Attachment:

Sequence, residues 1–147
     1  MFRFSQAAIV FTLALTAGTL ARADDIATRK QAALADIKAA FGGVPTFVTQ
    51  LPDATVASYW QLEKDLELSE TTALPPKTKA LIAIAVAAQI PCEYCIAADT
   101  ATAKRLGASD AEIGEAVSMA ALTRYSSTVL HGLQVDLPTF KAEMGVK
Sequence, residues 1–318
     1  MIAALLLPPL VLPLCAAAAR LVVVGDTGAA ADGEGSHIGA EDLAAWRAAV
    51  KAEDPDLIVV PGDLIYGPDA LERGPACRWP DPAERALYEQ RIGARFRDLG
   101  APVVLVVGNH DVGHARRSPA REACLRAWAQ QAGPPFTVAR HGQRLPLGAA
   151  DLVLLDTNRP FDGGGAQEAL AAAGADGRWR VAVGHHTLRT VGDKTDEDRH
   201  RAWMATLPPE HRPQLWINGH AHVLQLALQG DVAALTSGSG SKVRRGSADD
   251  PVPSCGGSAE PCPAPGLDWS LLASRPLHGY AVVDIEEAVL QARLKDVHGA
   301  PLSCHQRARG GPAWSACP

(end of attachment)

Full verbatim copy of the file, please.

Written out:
Sequence, residues 1–147
     1  MFRFSQAAIV FTLALTAGTL ARADDIATRK QAALADIKAA FGGVPTFVTQ
    51  LPDATVASYW QLEKDLELSE TTALPPKTKA LIAIAVAAQI PCEYCIAADT
   101  ATAKRLGASD AEIGEAVSMA ALTRYSSTVL HGLQVDLPTF KAEMGVK
Sequence, residues 1–318
     1  MIAALLLPPL VLPLCAAAAR LVVVGDTGAA ADGEGSHIGA EDLAAWRAAV
    51  KAEDPDLIVV PGDLIYGPDA LERGPACRWP DPAERALYEQ RIGARFRDLG
   101  APVVLVVGNH DVGHARRSPA REACLRAWAQ QAGPPFTVAR HGQRLPLGAA
   151  DLVLLDTNRP FDGGGAQEAL AAAGADGRWR VAVGHHTLRT VGDKTDEDRH
   201  RAWMATLPPE HRPQLWINGH AHVLQLALQG DVAALTSGSG SKVRRGSADD
   251  PVPSCGGSAE PCPAPGLDWS LLASRPLHGY AVVDIEEAVL QARLKDVHGA
   301  PLSCHQRARG GPAWSACP